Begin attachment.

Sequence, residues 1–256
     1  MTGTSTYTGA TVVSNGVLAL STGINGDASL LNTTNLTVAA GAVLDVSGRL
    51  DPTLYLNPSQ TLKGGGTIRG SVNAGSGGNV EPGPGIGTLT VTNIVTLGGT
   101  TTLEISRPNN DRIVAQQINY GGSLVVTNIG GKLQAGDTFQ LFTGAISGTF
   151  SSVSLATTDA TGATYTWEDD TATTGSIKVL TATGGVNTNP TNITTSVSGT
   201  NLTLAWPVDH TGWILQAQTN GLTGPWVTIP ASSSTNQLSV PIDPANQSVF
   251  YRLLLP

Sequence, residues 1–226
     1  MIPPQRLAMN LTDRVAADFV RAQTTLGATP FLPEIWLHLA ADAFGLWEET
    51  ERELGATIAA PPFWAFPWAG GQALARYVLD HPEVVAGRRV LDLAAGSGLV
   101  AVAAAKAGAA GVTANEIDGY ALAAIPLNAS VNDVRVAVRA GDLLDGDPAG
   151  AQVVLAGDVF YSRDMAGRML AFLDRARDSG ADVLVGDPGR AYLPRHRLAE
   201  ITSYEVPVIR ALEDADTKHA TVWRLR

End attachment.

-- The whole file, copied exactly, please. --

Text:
Sequence, residues 1–256
     1  MTGTSTYTGA TVVSNGVLAL STGINGDASL LNTTNLTVAA GAVLDVSGRL
    51  DPTLYLNPSQ TLKGGGTIRG SVNAGSGGNV EPGPGIGTLT VTNIVTLGGT
   101  TTLEISRPNN DRIVAQQINY GGSLVVTNIG GKLQAGDTFQ LFTGAISGTF
   151  SSVSLATTDA TGATYTWEDD TATTGSIKVL TATGGVNTNP TNITTSVSGT
   201  NLTLAWPVDH TGWILQAQTN GLTGPWVTIP ASSSTNQLSV PIDPANQSVF
   251  YRLLLP

Sequence, residues 1–226
     1  MIPPQRLAMN LTDRVAADFV RAQTTLGATP FLPEIWLHLA ADAFGLWEET
    51  ERELGATIAA PPFWAFPWAG GQALARYVLD HPEVVAGRRV LDLAAGSGLV
   101  AVAAAKAGAA GVTANEIDGY ALAAIPLNAS VNDVRVAVRA GDLLDGDPAG
   151  AQVVLAGDVF YSRDMAGRML AFLDRARDSG ADVLVGDPGR AYLPRHRLAE
   201  ITSYEVPVIR ALEDADTKHA TVWRLR